Subscribe to the Rosenblog!

Friday, April 29, 2011

Bugs, Bugs, Bugs

Anyone who has taken our Philadelphia Artists hands-on-tour has seen some of the copper plates from American Entomology by Thomas Say, which was published in 1824 by the Academy of Natural Sciences, just up the street from us.

Many of the plates are from drawings by Titian Peale, the youngest son of Charles Willson Peale. Titian grew up helping with Peale's Museum, which featured many natural history specimens, and like the rest of his family Titian was trained as an artist. His work on American Entomology combines these two loves.

The Rosenbach recently acquired a printed copy of Volumes 1 & 3 of American Entomology. Our plates are from Vol. 3, so it's wonderful to have the printed version to accompany them. We'll certainly be making use of our new books in a natural history show coming up this fall, but here are a couple of preview shots.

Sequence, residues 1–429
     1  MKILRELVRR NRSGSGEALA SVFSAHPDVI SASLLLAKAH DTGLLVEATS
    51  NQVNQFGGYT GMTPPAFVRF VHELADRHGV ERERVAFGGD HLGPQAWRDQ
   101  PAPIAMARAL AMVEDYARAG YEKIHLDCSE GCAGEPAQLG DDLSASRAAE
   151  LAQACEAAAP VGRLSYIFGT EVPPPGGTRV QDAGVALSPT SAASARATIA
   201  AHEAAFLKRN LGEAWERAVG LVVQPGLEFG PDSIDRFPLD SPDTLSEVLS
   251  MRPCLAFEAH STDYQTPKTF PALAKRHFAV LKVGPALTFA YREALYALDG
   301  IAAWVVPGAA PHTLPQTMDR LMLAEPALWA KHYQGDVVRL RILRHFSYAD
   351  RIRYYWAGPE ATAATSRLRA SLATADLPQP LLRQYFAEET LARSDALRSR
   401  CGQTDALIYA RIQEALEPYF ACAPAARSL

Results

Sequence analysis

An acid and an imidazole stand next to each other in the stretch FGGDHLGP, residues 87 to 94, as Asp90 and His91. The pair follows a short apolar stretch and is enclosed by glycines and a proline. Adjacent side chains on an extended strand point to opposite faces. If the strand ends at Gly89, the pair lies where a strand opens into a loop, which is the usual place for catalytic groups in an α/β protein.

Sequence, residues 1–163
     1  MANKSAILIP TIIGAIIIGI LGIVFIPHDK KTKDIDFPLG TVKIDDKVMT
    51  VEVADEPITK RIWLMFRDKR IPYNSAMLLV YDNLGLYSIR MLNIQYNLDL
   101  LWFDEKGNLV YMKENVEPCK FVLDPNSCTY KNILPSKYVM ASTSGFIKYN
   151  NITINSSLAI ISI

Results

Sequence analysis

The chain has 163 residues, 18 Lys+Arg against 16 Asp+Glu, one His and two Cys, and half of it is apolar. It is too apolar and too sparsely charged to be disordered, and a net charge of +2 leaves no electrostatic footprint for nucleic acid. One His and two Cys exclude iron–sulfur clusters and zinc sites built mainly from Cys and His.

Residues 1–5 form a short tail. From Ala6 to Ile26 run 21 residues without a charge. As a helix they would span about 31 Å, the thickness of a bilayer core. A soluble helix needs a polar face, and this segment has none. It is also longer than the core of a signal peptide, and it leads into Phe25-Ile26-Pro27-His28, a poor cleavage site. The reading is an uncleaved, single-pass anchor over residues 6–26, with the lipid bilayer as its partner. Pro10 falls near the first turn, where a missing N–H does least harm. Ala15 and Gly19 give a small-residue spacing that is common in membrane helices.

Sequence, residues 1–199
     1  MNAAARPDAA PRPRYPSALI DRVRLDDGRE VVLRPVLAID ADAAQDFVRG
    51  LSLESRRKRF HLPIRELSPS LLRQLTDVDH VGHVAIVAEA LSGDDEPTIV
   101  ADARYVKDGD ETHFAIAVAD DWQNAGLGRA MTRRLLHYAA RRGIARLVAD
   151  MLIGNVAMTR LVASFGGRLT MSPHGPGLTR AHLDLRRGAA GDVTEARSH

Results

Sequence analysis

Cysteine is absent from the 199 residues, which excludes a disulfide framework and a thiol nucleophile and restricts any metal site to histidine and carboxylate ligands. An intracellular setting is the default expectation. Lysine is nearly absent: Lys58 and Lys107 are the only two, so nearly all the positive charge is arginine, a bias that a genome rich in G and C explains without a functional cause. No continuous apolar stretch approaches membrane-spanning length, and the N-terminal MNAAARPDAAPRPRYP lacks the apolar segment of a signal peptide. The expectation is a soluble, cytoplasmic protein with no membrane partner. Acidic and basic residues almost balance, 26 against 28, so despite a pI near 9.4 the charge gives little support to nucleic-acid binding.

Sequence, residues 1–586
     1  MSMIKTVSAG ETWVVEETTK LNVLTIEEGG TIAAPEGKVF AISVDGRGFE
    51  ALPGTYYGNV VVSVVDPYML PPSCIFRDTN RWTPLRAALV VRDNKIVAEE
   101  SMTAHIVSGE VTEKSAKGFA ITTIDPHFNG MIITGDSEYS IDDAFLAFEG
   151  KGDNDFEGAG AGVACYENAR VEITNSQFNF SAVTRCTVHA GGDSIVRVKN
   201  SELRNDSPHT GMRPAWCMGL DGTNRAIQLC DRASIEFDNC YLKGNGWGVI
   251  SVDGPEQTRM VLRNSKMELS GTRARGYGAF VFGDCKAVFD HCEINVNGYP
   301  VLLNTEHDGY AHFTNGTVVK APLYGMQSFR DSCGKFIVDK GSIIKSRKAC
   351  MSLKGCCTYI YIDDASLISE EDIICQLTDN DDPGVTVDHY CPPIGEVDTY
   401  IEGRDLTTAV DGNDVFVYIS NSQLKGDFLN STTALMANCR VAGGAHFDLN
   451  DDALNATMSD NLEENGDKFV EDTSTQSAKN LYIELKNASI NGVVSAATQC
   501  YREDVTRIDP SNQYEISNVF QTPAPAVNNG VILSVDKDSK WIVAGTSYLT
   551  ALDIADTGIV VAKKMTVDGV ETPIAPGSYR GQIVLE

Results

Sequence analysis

Here's the plate on Spectrum bivittatum,a type of walking stick.

Engraved by C. Tiebout from a drawing by Titian Peale. American Entomology: Plate 38. 1828. 2005.253.2

And here's the printed version, with beautiful hand-coloring.

Thomas Say, American Entomology. Vol. 3. Philadelphia: Academy of Natural Sciences, 1828.


Here's a plate on butterflies, which were a special interest of Titian's. The Academy of Natural Sciences preserves his collection of butterfly specimens and makes images of them available online which are well worth a look.


Engraved by C. Tiebout from a drawing by Titian Peale. American Entomology: Plate 46. 1828. 2005.253.9

And here, again, is the printed version.

Thomas Say, American Entomology. Vol. 3. Philadelphia: Academy of Natural Sciences, 1828.

My photos don't do these lovely illustrations justice, so you'll just have to come check them out for yourself.

No comments: